An American Haunting Not So Haunting
By Kristin Battestella
Originally posted with Flames Rising
Once again a horror movie was on tap for the evening. When in doubt, should you always go to the movies and see a horror film? Based on the title alone, We picked An American Haunting.
The introduction explained the film was based on actual events in Tennessee around 1820, but the action opens in 2006. The modern frame is a weak connection geared at today’s teens. I was not surprised to find out the movie is PG-13. Unfortunately, I don’t think you can make a quality horror movie today without an R rating.
It was pleasing to see Donald Sutherland and Sissy Spacek as John and Lucy Bell, but the rest of the cast is unremarkable. After a sour deal with a neighbor, John is overruled by the church. His injured neighbor curses John and his daughter Betsy (Rachel Hurd-Wood), and thereafter strange things accumulate on the Bell Estate. A vengeful spirit manifests, attacks Betsy, and ultimately claims the life of John.
As refreshing as it was to see a film set in the early 19th century, the story ran thin early. For America’s most famous haunting, and the only one responsible for a death, I certainly had never heard of The Bell Witch before, and I thought myself schooled in such things. I hoped to see everything explained since the main haunting wasn’t told in bits and pieces of herky jerky movie flashbacks, but the film closes with much to interpret.
The haunting itself is debatable. Is it the curse or a poltergeist manifested by Betsy herself? I lean towards the latter, but director Courtney Solomon focuses on repeat attacks instead of definitively explaining the spooks. The unfortunate side effect is that this makes the family look fairly stupid. Initially, it was quite fascinating to see early ghost hunters handle a entity without any technology to speak of. They shoot at a few wolves, candles blow out, the old house creaks. After the first two or three or five occurrences, however, why doesn’t the family at least attempt to leave the house? Betsy leaves her bedroom, but returns to it for more invisible string ups and smack downs. Professor Powell (James D’Arcy) is brought in to help Betsy, but he also has romantic interests in her. Hmm… One highlight of the film shows Betsy being taken away by the Professor and her older brother John Jr. (Thom Fell) in a dangerous carriage chase, but it looks like this was just a dream sequence. Instead the family sends another young girl into Betsy room to be attacked with her!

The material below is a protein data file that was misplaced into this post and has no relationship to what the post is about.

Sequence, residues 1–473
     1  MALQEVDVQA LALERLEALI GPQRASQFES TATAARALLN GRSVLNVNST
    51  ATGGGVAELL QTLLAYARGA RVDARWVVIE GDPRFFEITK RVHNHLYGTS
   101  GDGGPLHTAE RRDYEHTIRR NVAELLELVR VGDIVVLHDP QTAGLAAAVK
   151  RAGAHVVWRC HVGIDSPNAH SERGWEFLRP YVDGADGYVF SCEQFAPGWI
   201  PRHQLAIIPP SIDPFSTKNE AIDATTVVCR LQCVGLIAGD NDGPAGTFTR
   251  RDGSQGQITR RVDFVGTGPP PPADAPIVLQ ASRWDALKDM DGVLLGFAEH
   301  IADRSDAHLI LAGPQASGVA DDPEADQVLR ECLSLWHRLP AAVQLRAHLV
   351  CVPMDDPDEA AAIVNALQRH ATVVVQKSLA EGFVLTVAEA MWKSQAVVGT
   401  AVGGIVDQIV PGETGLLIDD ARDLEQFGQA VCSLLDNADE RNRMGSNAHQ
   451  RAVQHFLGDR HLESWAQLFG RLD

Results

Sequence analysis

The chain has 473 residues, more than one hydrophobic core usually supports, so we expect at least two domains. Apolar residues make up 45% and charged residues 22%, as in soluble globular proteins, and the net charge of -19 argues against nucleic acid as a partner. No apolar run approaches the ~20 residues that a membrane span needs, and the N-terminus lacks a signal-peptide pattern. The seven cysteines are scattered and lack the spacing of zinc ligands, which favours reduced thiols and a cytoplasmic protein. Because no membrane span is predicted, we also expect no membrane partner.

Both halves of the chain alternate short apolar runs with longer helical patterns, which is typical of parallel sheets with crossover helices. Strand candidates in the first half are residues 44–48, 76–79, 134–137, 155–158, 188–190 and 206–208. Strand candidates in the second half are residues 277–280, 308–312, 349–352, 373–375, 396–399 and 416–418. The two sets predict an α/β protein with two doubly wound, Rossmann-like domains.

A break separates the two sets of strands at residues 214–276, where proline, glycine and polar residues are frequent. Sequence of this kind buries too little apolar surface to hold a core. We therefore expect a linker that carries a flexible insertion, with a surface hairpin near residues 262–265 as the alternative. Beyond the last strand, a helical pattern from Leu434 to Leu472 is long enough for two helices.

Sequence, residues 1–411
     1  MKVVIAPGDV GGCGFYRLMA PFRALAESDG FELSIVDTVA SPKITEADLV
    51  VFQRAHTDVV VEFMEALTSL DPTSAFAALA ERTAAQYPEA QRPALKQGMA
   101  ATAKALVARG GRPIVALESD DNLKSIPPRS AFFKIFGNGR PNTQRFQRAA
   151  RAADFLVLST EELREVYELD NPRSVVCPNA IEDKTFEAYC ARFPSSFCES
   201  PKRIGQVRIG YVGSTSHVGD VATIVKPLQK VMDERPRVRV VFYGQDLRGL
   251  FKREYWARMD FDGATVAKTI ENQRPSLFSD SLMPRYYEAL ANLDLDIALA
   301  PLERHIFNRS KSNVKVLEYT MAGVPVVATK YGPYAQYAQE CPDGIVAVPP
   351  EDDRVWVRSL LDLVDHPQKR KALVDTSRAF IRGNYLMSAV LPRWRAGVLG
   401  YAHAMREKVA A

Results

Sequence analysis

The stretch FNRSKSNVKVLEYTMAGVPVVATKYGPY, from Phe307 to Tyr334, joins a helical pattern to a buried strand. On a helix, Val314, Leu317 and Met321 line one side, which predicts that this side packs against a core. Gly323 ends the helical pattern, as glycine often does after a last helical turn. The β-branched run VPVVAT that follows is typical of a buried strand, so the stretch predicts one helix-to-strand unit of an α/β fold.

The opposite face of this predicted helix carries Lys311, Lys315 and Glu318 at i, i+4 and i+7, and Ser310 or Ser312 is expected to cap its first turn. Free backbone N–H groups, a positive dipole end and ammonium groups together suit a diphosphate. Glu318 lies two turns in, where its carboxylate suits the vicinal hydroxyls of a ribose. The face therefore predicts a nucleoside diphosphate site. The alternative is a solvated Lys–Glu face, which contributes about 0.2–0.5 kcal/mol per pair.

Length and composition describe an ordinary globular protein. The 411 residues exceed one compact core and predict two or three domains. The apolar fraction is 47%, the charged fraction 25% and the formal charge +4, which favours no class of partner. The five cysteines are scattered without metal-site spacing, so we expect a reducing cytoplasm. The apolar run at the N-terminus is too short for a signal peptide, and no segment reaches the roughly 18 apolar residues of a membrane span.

In the theater I suspected John Bell was responsible for his own terror. Several shots from Solomon hint at a more serious and inappropriately kinky relationship with his daughter. No one would blame Betsy if she subconsciously manifested this presence because of abuse from her father. When Betsy sees the spirit as a playful young girl, is it her own childlike innocence she is trying to recapture? Is Betsy just confused between choosing between two suitors? Does the idea of simple marriage and a home life not appeal to her? We just don’t know.
Was the poltergeist caused by abuse or merely puberty? Blood stains on Betsy’s sheets and John’s shirt –was it rape or a father unable to accept his daughter’s first menstruation? Solomon isn’t quite clear, and his 2006 bookend implies the whole area of Red River, Tennessee is temptation for incestuous dads. As I said, the modern echo raises more questions than gives answers. What is the significance of the attic? Are these people even related? Is it supposed to be the same house? Indeed I hope these basic questions ( and boy there is a lot of them!) were not left unanswered to make room for a sequel. Oiy!
As is the new tradition, I’m sure Courtney Solomon will present a Director’s Cut! Special Edition! or some such. If it’s filled with more of Betsy thrashing around and clawing the floor instead of character development or an alternate ending, I don’t know if I’d buy it.
An American Haunting is a misguided attempt at a classic historical haunting on film. Genre fans who can’t get enough will dig the old school suspense feel, but penny pinchers should wait for a DVD sale or television premiere. I’ve seen better than An American Haunting. If you’re itching for something spooky to do, read a gothic novel instead.